Major Section: RULE-CLASSES

See rule-classes for a general discussion of rule classes and
how they are used to build rules from formulas. An example
`:`

`corollary`

formula from which a `:compound-recognizer`

rule might be
built is:

Example: (implies (alistp x) When (alistp x) is assumed true, (true-listp x)) add the additional hypothesis that x is of primitive type true-listp.whereGeneral Forms: (implies (fn x) concl) ; (1) (implies (not (fn x)) concl) ; (2) (and (implies (fn x) concl1) ; (3) (implies (not (fn x)) concl2)) (if (fn x) concl1 concl2) ; (4) (iff (fn x) concl) ; (5) (equal (fn x) concl) ; (6)

`fn`

is a Boolean valued function of one argument, `x`

is a
variable symbol, and the system can deduce some restriction on the
primitive type of `x`

from the assumption that `concl`

holds. The third
restriction is vague but one way to understand it is to weaken it a
little to ``and `concl`

is a non-tautological conjunction or
disjunction of the primitive type recognizers listed below.''The primitive ACL2 types and a suitable primitive recognizing expression for each are listed below.

type suitable primitive recognizerThus, a suitablezero (equal x 0) negative integers (and (integerp x) (< x 0)) positive integers (and (integerp x) (> x 0)) negative ratio (and (rationalp x) (not (integerp x)) (< x 0)) positive ratio (and (rationalp x) (not (integerp x)) (> x 0)) complex rational (complex-rationalp x) nil (equal x nil) t (equal x t) other symbols (and (symbolp x) (not (equal x nil)) (not (equal x t))) proper conses (and (consp x) (true-listp x)) improper conses (and (consp x) (not (true-listp x))) strings (stringp x) characters (characterp x)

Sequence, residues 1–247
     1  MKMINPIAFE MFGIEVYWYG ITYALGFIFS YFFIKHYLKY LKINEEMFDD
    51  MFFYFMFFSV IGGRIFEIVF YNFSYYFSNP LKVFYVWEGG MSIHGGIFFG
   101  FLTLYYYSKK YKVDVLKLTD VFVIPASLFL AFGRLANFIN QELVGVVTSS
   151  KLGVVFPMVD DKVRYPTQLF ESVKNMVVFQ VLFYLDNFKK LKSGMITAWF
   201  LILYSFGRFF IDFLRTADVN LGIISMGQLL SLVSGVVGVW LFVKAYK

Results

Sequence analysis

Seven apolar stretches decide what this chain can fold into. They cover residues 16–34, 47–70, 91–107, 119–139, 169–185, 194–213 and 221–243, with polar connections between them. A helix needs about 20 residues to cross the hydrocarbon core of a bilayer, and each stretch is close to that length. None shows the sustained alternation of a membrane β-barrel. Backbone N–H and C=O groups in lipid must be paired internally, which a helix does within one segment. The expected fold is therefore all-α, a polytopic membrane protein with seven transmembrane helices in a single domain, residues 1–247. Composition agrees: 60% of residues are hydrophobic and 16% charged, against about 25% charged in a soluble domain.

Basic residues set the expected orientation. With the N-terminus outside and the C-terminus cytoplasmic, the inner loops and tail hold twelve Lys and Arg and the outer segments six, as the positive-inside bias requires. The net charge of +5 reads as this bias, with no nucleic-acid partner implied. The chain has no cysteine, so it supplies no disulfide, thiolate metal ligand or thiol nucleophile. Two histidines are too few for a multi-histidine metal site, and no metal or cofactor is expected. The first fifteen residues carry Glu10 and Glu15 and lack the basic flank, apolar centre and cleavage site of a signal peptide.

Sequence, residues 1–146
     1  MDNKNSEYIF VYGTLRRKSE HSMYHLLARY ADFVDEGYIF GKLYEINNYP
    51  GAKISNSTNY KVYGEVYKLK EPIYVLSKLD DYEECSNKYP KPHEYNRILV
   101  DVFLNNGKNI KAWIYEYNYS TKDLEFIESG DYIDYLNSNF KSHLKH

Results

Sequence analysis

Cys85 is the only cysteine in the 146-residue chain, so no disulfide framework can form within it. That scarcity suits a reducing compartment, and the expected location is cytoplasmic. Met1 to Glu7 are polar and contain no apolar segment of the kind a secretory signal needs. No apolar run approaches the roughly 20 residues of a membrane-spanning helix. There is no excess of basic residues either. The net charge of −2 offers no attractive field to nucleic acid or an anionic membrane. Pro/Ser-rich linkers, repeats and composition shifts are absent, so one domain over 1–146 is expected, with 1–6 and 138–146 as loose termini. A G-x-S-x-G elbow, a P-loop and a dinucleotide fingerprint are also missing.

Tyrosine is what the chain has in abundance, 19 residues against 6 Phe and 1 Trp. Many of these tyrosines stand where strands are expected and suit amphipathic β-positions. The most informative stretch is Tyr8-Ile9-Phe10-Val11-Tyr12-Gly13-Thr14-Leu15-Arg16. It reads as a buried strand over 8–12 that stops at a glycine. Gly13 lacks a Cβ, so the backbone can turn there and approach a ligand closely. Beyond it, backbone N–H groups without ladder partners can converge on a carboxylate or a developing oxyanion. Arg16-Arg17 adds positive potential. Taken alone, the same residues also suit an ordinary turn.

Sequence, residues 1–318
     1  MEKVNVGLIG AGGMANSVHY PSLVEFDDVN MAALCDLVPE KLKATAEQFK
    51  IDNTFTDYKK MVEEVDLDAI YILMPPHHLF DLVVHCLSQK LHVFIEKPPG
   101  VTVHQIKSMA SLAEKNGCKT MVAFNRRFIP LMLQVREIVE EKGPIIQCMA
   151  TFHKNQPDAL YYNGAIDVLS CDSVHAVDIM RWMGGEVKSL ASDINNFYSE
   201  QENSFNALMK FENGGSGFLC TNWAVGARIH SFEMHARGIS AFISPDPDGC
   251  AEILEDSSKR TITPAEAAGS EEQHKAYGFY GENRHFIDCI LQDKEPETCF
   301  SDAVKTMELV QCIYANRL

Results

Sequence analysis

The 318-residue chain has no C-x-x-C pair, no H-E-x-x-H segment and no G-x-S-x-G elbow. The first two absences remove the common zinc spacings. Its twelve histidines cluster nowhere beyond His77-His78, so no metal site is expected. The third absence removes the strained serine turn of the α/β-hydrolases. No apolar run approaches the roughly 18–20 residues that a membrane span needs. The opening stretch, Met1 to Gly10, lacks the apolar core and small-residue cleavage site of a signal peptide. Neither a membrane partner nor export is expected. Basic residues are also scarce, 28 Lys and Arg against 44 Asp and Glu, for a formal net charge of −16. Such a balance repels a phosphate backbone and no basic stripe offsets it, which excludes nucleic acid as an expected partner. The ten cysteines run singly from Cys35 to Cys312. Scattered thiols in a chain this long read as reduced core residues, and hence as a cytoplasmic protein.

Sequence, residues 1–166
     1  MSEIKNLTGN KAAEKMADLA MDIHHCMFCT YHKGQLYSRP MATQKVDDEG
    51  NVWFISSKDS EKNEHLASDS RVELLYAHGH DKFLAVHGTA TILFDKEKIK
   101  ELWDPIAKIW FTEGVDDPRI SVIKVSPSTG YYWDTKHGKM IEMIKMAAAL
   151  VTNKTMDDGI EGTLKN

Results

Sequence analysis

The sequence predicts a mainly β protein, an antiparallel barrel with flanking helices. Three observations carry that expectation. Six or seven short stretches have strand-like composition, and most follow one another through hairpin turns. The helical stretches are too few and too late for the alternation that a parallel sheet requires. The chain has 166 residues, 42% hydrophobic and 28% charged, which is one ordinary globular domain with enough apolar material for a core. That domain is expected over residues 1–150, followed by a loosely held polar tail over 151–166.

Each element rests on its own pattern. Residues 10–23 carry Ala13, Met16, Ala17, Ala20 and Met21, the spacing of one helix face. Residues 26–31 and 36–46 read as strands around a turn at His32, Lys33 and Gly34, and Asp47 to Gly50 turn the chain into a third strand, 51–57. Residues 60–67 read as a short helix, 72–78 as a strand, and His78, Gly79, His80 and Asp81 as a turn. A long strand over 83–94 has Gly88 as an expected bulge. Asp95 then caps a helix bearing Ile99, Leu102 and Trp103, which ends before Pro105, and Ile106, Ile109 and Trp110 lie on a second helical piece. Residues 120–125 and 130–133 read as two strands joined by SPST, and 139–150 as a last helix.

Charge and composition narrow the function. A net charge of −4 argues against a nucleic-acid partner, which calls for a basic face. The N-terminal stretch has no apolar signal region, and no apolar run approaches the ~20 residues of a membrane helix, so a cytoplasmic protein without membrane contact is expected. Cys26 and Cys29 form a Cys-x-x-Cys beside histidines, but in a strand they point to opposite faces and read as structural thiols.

`concl`

to recognize the naturals would be
`(or (equal x 0) (and (integerp x) (> x 0)))`

but it turns out that we
also permit `(and (integerp x) (>= x 0))`

. Similarly, the true-lists
could be specified by
(or (equal x nil) (and (consp x) (true-listp x)))but we in fact allow

`(true-listp x)`

. When time permits we will
document more fully what is allowed or implement a macro that
permits direct specification of the desired type in terms of the
primitives.
There are essentially four forms of `:compound-recognizer`

rules, as the
third and fourth forms are equivalent, as are the fifth and sixth. We
explain how such rules are used by considering the individual forms.

Consider a rule of the first form, `(implies (fn x) concl)`

. The
effect of such a rule is that when the rewriter assumes `(fn x)`

true,
as it would while diving through `(if (fn x) xxx ...)`

to rewrite `xxx`

,
it restricts the type of `x`

as specified by `concl`

. However, when
assuming `(fn x)`

false, as necessary in `(if (fn x) ... xxx)`

, the rule
permits no additional assumptions about the type of `x`

. For example,
if `fn`

is `primep`

, i.e., the predicate that recognizes prime numbers,
then `(implies (primep x) (and (integerp x) (>= x 0)))`

is a compound
recognizer rule of the first form. When `(primep x)`

is assumed true,
the rewriter gains the additional information that `x`

is a natural
number. When `(primep x)`

is assumed false, no additional information
is gained -- since `x`

may be a non-prime natural or may not even be a
natural.

The second general form addresses itself to the symmetric case, when
assuming `(fn x)`

false permits type restrictions on `x`

but assuming
`(fn x)`

true permits no such restrictions. For example, if we
defined `exprp`

to be the recognizer for well-formed expressions for
some language in which all symbols, numbers, character objects and
strings were well-formed -- e.g., the well-formedness rules only put
restrictions on expressions represented by `consp`

s -- then the
theorem `(implies (not (exprp x)) (consp x))`

is a rule of the second
form. Assuming `(exprp x)`